When the draw for this season’s Champion League group stage was made, Istanbul Basaksehir’s Rafael da Silva said “dreams can come true” as he fulfilled a wish of facing former side Manchester United.
Right-back Rafael, 30, said he will go “back to where everything started” when he comes up against his old club, where he still has a close bond.
United have started their European campaign in perfect fashion, winning both of their games, and have the first of back-to-back fixtures against Rafael’s new team on Wednesday (17:55 GMT kick-off), with the Turkish champions bottom of Group H and without a point.
Despite being sold to Lyon five years ago, why does the affable Brazilian remain a cult hero for Red Devils supporters?
‘Fearless and infectious’
Spotted for their talents during an international youth team tournament, Rafael and twin brother Fabio joined United from Fluminense in January 2008, but were not eligible to play for Sir Alex Ferguson’s senior side until July of that year when they turned 18.
Having made his debut in the 2008-09 season, Rafael went on to play 170 times for United, winning three Premier League titles, one League Cup and the Club World Cup.
“He was fearless from when he first came in,” Manchester United author Wayne Barton tells Sport. “They came over from Brazil and were not allowed to play, but he was so confident that he would come into a Double-winning team and do well.
“A lot of youngsters come in and tread water but you could see Rafael’s personality on the side straight away. He grabbed the opportunity – and because he was so infectious, everyone was excited.
“Both of the twins’ make-up came from growing up on the streets of Brazil and having to be competitive. Rafael was a fiery player that was instantly loved and that feeling never went away. It was part of his personality and suited the team down to the ground.”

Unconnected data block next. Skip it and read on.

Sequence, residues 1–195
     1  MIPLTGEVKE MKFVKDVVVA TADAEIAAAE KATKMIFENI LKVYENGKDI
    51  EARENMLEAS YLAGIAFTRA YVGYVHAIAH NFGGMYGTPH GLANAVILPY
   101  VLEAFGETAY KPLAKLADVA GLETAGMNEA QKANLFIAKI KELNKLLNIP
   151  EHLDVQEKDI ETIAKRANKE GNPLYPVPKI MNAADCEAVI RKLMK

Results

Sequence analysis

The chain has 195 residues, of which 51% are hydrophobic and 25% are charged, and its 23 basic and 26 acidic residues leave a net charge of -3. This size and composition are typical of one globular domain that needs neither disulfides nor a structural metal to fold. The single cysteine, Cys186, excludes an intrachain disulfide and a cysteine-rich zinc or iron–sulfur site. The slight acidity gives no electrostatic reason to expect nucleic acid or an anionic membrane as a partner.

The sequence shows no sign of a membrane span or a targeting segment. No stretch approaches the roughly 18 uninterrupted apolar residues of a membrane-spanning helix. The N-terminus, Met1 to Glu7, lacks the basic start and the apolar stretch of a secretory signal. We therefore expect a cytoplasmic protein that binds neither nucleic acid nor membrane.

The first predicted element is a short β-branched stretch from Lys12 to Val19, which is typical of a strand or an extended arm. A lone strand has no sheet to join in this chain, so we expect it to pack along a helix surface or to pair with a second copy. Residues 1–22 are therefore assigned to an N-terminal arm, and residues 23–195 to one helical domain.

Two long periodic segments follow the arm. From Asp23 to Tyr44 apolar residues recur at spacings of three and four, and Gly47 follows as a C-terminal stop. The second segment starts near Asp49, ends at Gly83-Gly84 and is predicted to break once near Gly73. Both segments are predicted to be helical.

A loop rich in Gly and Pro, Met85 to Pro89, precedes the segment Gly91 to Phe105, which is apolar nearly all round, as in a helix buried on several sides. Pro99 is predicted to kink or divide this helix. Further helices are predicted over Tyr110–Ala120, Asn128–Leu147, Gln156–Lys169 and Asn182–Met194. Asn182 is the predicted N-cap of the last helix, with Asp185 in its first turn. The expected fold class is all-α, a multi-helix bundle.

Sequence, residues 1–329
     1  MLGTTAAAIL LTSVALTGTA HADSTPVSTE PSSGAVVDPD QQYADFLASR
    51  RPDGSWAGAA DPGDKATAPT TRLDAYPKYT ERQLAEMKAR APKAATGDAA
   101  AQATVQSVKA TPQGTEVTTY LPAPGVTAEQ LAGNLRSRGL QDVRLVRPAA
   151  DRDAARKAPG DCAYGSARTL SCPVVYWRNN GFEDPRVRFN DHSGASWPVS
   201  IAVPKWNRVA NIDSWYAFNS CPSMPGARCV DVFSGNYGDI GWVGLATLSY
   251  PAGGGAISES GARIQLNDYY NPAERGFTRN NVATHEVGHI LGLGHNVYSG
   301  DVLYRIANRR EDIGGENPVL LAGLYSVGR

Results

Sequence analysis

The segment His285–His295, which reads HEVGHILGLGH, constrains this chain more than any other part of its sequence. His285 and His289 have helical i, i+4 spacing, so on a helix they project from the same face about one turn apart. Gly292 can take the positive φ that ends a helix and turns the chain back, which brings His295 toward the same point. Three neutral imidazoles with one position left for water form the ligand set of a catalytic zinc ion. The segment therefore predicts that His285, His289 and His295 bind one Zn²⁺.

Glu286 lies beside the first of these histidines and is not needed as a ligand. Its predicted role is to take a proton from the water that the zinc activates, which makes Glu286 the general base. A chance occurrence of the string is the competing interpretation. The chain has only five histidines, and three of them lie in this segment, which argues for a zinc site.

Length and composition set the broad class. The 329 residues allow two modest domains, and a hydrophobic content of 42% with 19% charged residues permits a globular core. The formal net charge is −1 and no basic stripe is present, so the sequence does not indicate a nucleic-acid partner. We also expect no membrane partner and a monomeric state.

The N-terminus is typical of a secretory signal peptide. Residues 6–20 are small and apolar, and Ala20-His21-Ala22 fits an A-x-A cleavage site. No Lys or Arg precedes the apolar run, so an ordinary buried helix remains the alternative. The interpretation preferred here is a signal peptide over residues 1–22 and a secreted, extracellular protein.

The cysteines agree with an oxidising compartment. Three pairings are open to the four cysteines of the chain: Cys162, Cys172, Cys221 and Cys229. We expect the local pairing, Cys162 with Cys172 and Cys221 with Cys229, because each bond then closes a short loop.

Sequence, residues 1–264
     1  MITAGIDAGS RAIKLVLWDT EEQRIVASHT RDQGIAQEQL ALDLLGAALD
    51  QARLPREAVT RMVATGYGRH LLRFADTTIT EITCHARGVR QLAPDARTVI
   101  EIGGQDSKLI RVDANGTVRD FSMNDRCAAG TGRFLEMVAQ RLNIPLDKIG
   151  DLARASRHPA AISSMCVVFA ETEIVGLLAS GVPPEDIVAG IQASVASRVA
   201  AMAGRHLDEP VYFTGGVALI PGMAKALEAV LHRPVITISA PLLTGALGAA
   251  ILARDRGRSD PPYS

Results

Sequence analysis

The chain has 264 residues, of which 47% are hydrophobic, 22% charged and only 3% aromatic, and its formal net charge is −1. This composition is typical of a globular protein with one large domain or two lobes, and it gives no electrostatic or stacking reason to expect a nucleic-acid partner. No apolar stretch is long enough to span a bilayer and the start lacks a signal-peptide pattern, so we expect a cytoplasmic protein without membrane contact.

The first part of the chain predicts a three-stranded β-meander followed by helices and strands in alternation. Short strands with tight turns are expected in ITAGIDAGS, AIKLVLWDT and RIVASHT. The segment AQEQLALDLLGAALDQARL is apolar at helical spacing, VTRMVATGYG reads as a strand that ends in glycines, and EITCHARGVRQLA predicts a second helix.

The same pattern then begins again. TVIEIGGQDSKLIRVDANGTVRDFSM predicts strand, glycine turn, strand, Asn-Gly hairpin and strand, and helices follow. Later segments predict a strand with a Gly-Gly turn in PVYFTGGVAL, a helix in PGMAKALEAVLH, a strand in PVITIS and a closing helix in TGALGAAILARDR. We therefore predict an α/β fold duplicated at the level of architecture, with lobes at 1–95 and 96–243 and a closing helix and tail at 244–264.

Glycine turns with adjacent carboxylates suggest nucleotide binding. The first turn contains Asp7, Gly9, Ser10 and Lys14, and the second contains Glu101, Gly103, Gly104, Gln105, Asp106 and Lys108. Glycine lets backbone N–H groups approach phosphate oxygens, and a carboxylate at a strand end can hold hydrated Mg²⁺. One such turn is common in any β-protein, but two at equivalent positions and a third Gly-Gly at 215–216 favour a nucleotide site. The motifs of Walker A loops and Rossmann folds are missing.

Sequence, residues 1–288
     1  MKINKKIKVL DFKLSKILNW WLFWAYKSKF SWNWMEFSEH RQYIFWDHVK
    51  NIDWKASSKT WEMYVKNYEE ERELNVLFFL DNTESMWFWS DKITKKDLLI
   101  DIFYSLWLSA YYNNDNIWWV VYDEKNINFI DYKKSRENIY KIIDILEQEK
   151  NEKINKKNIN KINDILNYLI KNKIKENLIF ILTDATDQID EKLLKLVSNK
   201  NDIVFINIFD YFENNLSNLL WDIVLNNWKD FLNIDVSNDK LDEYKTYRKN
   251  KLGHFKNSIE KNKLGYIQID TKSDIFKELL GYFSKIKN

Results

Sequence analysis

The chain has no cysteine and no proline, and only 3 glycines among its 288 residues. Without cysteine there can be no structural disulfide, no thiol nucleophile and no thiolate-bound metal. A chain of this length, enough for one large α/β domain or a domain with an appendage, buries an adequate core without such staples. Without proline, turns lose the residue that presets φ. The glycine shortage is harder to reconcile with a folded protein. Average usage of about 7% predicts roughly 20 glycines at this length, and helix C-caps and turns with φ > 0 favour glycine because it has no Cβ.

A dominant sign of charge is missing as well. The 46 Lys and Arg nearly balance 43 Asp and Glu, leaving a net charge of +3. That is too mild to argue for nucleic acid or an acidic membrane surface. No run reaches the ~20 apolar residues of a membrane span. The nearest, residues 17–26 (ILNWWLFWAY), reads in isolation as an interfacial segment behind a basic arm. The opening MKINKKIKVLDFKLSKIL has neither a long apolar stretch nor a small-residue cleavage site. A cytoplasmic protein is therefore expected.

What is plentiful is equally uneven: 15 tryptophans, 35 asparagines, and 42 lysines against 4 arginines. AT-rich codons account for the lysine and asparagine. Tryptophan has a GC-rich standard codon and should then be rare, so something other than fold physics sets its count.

A risk taker – why he was such a success
Rafael played alongside some stellar names at United, including Rio Ferdinand, Ryan Giggs, Cristiano Ronaldo, Wayne Rooney and Robin van Persie.
“It wasn’t an obvious marriage but part of the love was because Sir Alex Ferguson felt alive with his team, which contained the Portuguese-speaking Ronaldo, Nani, Anderson and the twins,” says Barton, who is ghostwriting The Sunshine Kids, an autobiography of Rafael and Fabio.
“They were not coasters – they were fully committed, whole hearted. And because they were young, the crowd got behind them straight away.”
Under Ferguson, Rafael played a large portion of the 2012-13 campaign, United’s most recent Premier League title triumph, and featured regularly for his successor David Moyes.
However, he played just 10 times for Louis van Gaal after the Dutchman took charge in 2014 and was sold to Lyon, where he played for five seasons from 2015, before joining Basaksehir in the summer.
Barton adds: “Rafael was a risk-taking right-back and bombed up and down that side. He was not good being asked to concentrate just on the defensive side of his game, but he did have notable games in that aspect when coming up against athletic players like Gareth Bale.
“Under Van Gaal, he was being asked to do things which were not in his natural game. Van Gaal decided very quickly he did not want him.”